Once in a blue moon, a film comes along that defies genre identification ...and so goes FRANKLYN, a movie that transcends anything you think you've ever seen. A hybrid in terms of style, Franklyn might best be described as Frank Miller (the artist) meets The Dark Knight (Batman) in Brazil (the movie). I say this because none of these items alone help explain the convoluted-ness that is this story, and none should. It goes beyond them. Way beyond them.
Visually appealing on almost every level, Franklyn has two divergent stories that seem to have nothing to do with each other. In one we're privy to a kind of superhero trying to avenge the death of a young girl whom we know nothing about. He chases after "The Individual" in a city known as Meanwhile. Looking, as stated earlier, somewhere along the lines of a Frank Miller graphic mixed with a kind of Dark Knight quality, the story intrigues and makes us cheer on the main character, Jonathan Preest (Ryan Philleppe, Flags of Our Fathers). I mean, trying to avenge the death of an innocent girl is noble, right? Equally intriguing within the city of Meanwhile are the many religions that flourish, including the Seventh Day Manicurists. Everyone is required to have a religious affiliation ...except our "hero" who is subsequently tracked by highly skilled fighting monks.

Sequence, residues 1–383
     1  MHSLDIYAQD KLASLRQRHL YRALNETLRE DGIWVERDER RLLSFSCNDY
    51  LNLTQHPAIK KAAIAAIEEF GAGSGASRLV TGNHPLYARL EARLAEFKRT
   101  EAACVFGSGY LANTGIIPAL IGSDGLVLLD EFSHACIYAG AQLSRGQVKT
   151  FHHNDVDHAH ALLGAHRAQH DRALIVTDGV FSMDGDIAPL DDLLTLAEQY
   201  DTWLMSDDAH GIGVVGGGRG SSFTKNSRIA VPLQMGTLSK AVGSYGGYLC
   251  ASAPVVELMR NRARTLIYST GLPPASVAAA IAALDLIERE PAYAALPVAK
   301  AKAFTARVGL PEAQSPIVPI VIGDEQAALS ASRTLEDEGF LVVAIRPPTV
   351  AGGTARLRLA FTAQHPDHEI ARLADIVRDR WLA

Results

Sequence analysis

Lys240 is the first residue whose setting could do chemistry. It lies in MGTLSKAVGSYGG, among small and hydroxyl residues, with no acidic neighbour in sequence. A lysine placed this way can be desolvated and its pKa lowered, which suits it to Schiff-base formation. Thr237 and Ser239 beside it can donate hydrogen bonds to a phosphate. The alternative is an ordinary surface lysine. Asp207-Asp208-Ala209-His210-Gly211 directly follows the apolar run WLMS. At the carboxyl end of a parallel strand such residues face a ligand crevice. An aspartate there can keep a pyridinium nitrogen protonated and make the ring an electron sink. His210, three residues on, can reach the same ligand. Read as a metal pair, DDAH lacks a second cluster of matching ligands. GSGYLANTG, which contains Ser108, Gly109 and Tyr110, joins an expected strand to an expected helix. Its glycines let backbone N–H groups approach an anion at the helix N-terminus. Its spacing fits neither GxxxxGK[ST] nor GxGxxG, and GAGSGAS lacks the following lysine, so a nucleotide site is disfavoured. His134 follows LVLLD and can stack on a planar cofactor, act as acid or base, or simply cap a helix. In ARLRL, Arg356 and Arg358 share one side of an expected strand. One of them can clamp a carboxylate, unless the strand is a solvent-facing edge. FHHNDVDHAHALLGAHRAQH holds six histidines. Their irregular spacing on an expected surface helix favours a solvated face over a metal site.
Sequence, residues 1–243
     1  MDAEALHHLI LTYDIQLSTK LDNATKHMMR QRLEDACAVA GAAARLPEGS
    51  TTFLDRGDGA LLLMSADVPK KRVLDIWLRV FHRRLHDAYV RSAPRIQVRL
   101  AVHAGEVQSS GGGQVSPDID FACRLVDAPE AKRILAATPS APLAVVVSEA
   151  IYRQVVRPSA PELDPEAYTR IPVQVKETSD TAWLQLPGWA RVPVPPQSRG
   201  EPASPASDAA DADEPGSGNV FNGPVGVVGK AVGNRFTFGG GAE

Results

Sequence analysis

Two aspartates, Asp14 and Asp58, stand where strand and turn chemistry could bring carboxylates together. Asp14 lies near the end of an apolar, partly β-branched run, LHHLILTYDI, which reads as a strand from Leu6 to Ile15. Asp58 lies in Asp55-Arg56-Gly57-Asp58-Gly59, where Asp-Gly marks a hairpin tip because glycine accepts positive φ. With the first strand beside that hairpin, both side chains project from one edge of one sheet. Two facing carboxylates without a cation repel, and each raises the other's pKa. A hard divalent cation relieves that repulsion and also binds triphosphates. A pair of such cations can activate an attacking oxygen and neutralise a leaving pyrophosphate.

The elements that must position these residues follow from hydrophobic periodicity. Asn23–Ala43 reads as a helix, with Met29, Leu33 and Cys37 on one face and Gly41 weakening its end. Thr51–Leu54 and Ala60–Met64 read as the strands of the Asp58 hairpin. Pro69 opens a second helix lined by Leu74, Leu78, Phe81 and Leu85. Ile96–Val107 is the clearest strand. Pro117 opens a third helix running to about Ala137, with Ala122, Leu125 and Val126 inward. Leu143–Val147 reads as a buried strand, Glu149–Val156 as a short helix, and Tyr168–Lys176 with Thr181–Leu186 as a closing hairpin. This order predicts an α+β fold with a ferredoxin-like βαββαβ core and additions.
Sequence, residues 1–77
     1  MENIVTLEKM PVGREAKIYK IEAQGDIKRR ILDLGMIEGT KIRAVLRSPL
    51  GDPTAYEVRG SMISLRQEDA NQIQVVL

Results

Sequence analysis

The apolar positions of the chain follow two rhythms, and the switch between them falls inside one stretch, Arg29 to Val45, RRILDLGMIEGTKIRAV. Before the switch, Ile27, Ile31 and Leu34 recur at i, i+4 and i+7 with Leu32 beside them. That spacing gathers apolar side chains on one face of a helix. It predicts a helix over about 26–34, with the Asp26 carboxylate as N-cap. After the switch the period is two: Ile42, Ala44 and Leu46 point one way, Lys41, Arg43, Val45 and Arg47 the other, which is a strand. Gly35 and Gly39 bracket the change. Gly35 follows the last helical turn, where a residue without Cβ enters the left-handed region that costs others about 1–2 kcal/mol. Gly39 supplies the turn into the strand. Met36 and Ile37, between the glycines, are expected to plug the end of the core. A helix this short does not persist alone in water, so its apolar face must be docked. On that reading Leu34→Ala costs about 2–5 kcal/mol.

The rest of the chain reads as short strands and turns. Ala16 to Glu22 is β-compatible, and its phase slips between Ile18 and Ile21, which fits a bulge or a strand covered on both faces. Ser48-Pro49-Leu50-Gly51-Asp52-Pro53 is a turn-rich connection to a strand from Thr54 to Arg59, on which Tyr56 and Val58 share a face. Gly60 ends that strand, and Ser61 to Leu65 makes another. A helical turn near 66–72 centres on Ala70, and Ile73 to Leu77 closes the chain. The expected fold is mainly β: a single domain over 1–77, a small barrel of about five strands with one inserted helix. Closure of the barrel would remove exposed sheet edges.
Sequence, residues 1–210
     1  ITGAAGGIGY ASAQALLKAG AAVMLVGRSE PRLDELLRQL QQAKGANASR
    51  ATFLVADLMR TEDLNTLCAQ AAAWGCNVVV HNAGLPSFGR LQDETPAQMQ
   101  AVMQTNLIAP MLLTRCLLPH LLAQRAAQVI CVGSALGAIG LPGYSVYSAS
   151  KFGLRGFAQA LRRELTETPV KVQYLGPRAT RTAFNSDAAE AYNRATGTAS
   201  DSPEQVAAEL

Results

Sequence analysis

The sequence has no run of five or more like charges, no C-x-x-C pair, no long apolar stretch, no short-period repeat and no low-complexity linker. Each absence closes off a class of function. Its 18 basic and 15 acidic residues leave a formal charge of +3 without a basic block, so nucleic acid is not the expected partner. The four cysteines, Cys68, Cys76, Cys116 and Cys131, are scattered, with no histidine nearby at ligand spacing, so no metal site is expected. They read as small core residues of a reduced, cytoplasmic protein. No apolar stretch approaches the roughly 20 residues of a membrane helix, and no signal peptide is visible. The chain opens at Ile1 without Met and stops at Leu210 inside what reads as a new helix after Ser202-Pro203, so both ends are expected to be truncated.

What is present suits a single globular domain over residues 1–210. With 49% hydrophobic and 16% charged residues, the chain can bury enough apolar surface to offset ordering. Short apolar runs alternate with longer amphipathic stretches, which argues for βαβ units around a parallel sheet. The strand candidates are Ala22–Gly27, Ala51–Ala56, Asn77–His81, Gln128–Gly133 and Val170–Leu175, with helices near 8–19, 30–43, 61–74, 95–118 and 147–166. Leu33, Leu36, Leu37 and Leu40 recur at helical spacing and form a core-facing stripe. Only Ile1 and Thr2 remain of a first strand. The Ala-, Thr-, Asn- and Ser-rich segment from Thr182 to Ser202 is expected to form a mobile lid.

In the second story, a woman named Emilia (Eva Green, The Golden Compass) tries to come to terms with her life and her art. She consistently tries to kill herself for the sake of it only to learn that her art just isn't inspiring enough. Also, a man in search of his missing son comes to the psychiatrist who'd been treating him only to learn that his son escaped and is out in the world with a rifle slung over his shoulder.
As the two storylines begin to mesh, reality skews, men and women we thought we knew either don't exist, exist as something else, or are strictly symbols (including a janitor who plays a vital role). The fascination the viewer will feel at the realizations of what is coming will shock, delight and sink their heart. Yes, it's THAT good.
The visuals are what will initially draw you in. You'll be asking yourself "Why?" many times: Why is the city so muted? Why is he wearing a mask? Why are these religious fanatics chasing him? If you pay close attention, everything is answered in one final scene which, in itself, reveals amazing storytelling.
I can't stress enough how closely everything is linked in the film and how paying attention reaps great benefits in the end. Even the names of the characters (Preest, The Individual, Wormsnakes, Pastor Bone) all have relevance.
Made on a paltry $12 million budget, the movie feels much more expensive and expansive. Sadly, it did not get a wide release and suffered because of it. Not many people have ever heard of it. I know I never had until a friend I work with mentioned it. But I'm glad he pointed me in the right direction. This one's a hidden gem. And it's so original that you'll wonder which genre you're watching. I'm still wondering!